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The funky black and white squares posted in store windows may look like optical illusions to some, but are gateways to customized shopping for those who recognize a QR code.
More retailers — especially the bigger chains — are using these 2D matrix barcodes in-store or in window displays to enrich the consumer shopping experience, whether customers have time to go in-store or not. The QR — short for Quick Response — code can be packed with information, all for the taking by anyone with a smartphone or tablet.
Forrester Research's Julie Ask, vice president and principal analyst, says more and more storefronts are using the applications.
"Some — like national department stores — offer more sophisticated campaigns like new arrivals and seasonal promotions," she says. "More often than not for smaller organizations, they offer store hours, menu, Facebook 'likes' and check ins — easier options."
As smartphone ownership grows, so does the imperative for reaching and interacting with consumers through their devices. As of June, 56% of American adults are now smartphone owners, according to Pew Research Center's Internet & American Life Project. Currently, 44% of shoppers say they browse for apparel using their mobile/smartphone, according to the Cotton Incorporated Lifestyle Monitor™ Survey.
In-store displays and windows are used as a source of apparel ideas for 42% of shoppers, the Monitor shows. So if a shopper spots eye-catching merchandise in a retailer's window but is not able to go in-store at that time, a quick snap of a QR code allows for easy shopping on the train ride home or during lunch break.
QR codes are accessed via tablets and smartphones. The user downloads a barcode scanner app and the device's camera can then take a picture of any QR code image. Once the code is downloaded, the user is taken to the store's page, which can feature promotional videos, coupons, or new products, among other things.
Gartner's Sandy Shen, research director, says the codes can help retailers bridge O2O (online to offline) interaction.
"It is one additional technique retailers can use to entice people to go into their stores or online to get more information that can potentially turn into a sale,” Shen says. “Currently people in the 18-to-34 age group are more familiar with QR and tend to use it more. But other demographics will also use it as the technology gets more widely spread."
Walmart recently unveiled an update to its Scan & Go app, which allows shoppers to scan and bag groceries as they shop. When they are finished shopping, they go to the self-checkout register and tap the "Transfer Scan & Go Basket" button on the checkout screen. Scanning the QR code on the screen transfers items from their phone to the register, and then they pay as they normally would.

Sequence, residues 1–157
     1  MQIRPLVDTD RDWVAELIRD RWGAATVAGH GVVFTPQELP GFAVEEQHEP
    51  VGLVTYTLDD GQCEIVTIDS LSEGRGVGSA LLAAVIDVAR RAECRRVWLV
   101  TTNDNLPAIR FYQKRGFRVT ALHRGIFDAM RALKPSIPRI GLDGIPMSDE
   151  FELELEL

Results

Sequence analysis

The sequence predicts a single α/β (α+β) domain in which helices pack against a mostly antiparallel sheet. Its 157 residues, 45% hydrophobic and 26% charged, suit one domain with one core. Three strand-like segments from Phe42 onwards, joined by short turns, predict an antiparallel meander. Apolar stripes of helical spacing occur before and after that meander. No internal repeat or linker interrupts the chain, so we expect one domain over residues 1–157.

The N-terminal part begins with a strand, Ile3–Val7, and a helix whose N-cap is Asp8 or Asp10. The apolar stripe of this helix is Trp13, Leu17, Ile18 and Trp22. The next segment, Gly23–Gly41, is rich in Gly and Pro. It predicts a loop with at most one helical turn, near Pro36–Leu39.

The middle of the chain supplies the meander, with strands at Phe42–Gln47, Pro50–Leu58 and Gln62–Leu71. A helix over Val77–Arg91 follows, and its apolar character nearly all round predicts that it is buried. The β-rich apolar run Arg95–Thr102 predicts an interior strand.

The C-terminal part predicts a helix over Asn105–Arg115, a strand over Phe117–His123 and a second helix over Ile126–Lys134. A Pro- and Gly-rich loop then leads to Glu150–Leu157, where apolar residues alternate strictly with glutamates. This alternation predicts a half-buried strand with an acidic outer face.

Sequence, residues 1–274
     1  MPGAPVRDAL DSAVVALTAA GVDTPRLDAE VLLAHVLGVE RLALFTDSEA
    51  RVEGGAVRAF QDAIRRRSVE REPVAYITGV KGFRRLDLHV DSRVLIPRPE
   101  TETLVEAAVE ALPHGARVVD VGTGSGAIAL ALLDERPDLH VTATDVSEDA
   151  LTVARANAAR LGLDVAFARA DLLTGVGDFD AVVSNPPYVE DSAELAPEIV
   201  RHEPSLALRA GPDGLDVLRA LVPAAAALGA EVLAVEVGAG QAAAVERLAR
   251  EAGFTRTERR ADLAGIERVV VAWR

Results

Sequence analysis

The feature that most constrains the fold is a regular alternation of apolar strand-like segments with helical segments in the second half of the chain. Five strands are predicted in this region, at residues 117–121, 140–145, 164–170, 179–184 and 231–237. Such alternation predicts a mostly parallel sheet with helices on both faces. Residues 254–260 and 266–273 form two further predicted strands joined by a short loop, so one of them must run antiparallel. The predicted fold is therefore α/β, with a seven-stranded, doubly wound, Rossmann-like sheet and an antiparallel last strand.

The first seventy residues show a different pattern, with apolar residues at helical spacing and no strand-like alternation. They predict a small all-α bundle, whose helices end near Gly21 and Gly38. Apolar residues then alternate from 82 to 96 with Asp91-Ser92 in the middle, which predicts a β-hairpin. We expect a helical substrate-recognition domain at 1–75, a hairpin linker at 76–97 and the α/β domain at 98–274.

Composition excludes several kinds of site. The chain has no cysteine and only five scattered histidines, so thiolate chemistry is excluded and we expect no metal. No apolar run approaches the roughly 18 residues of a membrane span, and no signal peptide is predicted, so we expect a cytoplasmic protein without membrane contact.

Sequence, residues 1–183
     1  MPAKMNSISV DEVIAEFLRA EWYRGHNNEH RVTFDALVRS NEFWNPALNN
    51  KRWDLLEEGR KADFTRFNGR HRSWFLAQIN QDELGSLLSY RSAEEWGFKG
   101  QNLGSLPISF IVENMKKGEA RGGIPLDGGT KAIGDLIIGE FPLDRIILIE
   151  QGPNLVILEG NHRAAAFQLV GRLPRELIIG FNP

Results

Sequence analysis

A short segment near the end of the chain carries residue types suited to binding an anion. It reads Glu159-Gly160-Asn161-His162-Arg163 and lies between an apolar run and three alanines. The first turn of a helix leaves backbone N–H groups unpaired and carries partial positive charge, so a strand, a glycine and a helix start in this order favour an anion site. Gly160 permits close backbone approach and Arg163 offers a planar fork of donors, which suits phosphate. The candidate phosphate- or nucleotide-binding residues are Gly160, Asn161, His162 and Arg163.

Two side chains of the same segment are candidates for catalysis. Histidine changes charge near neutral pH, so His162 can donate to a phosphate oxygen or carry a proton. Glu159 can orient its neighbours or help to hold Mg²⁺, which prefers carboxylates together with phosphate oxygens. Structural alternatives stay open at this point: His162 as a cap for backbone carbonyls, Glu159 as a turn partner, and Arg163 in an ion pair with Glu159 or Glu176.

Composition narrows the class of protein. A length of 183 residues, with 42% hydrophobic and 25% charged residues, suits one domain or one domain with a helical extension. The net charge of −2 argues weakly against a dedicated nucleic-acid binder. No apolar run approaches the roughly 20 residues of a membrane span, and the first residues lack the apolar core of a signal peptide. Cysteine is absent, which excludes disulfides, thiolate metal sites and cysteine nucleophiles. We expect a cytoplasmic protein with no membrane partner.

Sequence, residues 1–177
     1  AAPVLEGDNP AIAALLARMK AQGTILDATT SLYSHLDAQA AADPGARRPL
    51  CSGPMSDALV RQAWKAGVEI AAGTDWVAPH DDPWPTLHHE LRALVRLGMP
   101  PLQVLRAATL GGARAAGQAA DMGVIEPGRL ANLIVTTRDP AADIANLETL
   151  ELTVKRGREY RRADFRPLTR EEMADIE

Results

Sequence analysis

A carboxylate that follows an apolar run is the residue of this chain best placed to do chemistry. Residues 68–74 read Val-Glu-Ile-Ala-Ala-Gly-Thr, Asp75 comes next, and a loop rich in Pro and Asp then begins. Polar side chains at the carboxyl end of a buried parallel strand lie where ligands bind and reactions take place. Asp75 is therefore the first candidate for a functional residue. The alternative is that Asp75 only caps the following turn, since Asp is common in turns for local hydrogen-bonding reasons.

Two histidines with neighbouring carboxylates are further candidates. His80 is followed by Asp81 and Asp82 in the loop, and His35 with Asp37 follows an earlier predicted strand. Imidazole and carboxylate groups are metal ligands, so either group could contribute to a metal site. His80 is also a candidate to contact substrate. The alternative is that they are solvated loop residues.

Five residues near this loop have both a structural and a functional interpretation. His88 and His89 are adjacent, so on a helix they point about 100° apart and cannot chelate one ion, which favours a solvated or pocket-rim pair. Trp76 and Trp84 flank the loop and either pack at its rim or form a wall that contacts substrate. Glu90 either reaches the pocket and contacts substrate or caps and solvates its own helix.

"Generally speaking," Ask says, "QR codes are one of several options any brand has to add more information to print, and make print more dynamic as it can change the mobile web pages, and facilitate discovery, access and consumption of information."
Among consumers who buy clothes online, 58% start shopping at retailer/brand websites, followed by retailer/brand emails (33%), e-commerce only sites (29%) and search engines (29%), according to the Monitor survey. Nearly half (49%) say they shop at chain store websites, followed by mass merchant sites (45%) and Amazon.com (44%). Compared to responses in November 2010, significantly more consumers go to Amazon (31% to 44%) and significantly less shop at online specialty stores (43% to 35%).
As one of the many tactics retailers employ to retain customers, something like a QR code could help engage the would-be window shopper.
"Broadly speaking, mobile phones are a really, really big deal to retailers, brands and every B2C (business to consumer) company, enabling them to facilitate more targeted, personal engagement with customers or product owners," Ask says. "Consumers expect to find information on their phones to give them confidence to make the best decisions on products and services. QR codes play a role in this."
When shopping for clothes online, more than eight out of 10 consumers (82%) look to the price in general to tell them about a clothing product, followed by information on sizing (70%), color (60%) and style (55%), the Monitor shows. They also look for shipping promotions (45%), discount coupons (42%) and product/customer reviews (41%).
The Economist recently reported that traditional retail stores may be losing ground to online shopping, but traditional remains more profitable. Last year, according to the article, online sales of shop-based American retailers grew by 29%; those of online-only merchants grew by just 21%. Clearly, the effort brick and mortar stores are putting into omni-channel retailing is having an effect.
And whether it leads to a sale or just imparts store information, something as small as a QR code is a relevant part of the retail story, Shen says.
"They can drive traffic into online stores all the time."
This article is one in a series that appears weekly on WWD.com. The data contained are based on findings from the Cotton Incorporated Lifestyle Monitor™ Survey, a consumer attitudinal study, as well as upon other of the company’s industrial indicators, including its Retail Monitor and Supply Chain Insights analyses. Additional relevant information can be found at CottonLifestyleMonitor.com.